“As I was only telling David Dimbleby the other day, you can’t just have a few families dominating the whole system,” he explains, smiling. “One of things I really wanted to change was the way people get into the arts because normally they are expected to do a six month free apprenticeship or internship, so that means everybody is either called Annabel or goes to Annabel’s.”
So presumably he hated the recent BBC series The Night Manager, whose three male stars – Hugh Laurie, Tom Hiddlestone and Tom Hollander – were all products of the same Oxford prep school? “I know…” he begins, before giving in. “It was great though! It was a brilliant show. But it has got to change.”
As for Fury, Bryant, who is gay and was briefly a schoolboy boxer, challenged the World Heavyweight Champion to a showdown on the canvas following the boxer’s controversial comments on homosexuality. The offer has not been taken up. “He’s run away, tail between his legs…”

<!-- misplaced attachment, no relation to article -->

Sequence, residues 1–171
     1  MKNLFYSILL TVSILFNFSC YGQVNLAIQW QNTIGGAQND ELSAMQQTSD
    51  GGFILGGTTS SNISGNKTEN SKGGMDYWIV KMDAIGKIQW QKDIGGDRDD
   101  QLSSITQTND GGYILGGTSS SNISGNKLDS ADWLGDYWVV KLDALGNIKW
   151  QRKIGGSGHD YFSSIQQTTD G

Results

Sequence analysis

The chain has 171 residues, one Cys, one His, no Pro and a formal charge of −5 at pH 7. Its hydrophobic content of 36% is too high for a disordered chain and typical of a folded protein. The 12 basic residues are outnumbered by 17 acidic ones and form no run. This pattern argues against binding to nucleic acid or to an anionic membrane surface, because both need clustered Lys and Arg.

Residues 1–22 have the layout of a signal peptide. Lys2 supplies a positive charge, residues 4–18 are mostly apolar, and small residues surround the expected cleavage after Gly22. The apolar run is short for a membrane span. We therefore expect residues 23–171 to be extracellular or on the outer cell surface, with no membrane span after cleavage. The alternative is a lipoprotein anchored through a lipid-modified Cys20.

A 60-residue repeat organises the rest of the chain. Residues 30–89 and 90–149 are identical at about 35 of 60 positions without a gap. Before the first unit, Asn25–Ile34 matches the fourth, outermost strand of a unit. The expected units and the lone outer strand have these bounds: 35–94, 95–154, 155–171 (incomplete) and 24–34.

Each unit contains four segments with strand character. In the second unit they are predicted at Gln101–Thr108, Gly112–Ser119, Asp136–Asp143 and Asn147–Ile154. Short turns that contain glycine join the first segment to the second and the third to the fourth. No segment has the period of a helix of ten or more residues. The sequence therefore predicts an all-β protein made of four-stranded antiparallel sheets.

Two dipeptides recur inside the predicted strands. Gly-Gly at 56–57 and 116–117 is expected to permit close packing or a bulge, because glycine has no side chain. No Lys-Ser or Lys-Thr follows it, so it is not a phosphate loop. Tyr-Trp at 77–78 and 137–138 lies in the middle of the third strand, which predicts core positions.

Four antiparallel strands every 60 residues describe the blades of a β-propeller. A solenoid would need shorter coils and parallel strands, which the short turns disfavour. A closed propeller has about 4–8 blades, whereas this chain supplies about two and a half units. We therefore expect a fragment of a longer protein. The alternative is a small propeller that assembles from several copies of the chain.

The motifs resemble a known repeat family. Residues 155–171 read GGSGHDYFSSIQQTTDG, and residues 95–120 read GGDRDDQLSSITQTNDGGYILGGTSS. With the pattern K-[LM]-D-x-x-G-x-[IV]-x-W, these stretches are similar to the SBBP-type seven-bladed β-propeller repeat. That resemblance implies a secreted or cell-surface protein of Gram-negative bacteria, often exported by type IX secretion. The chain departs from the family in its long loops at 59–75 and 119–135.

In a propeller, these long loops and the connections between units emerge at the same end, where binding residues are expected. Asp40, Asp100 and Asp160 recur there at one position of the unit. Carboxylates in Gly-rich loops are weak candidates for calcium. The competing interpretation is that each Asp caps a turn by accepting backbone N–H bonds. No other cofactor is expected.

With no chance to box with Fury or debate with Blunt, Bryant is busy taking on his opponents in the House of Commons chamber. He insists that he is the model of good behaviour - “I can’t abide PMQs. I very rarely heckle now. On the whole I sit there in silence and listen” - but he clearly relishes his weekly “sparring match” with Commons leader Chris Grayling, a man who he says “never looks very happy….he did the same joke five weeks in a row and it wasn’t very funny the first time.”
Their weekly spat has had Quentin Letts, the Mail’s sketch writer, praising Bryant for performing like “Julian Clary playing Buttons at the Birmingham Hippodrome”, and Bryant seems pleased with the comparison.
“He’s funny, Quentin is. I have used him on my leaflets. I’m like Julian Clary… I love Julian Clary. I think it’s a massive compliment.”
The Clary comparison was prompted by Bryant’s comment, following George Osborne’s announcement of the introduction of a Sugar Tax, that ‘finally, the Chancellor has realised the dangers of Coke’ - a joke which, for legal reasons, won’t be explained here.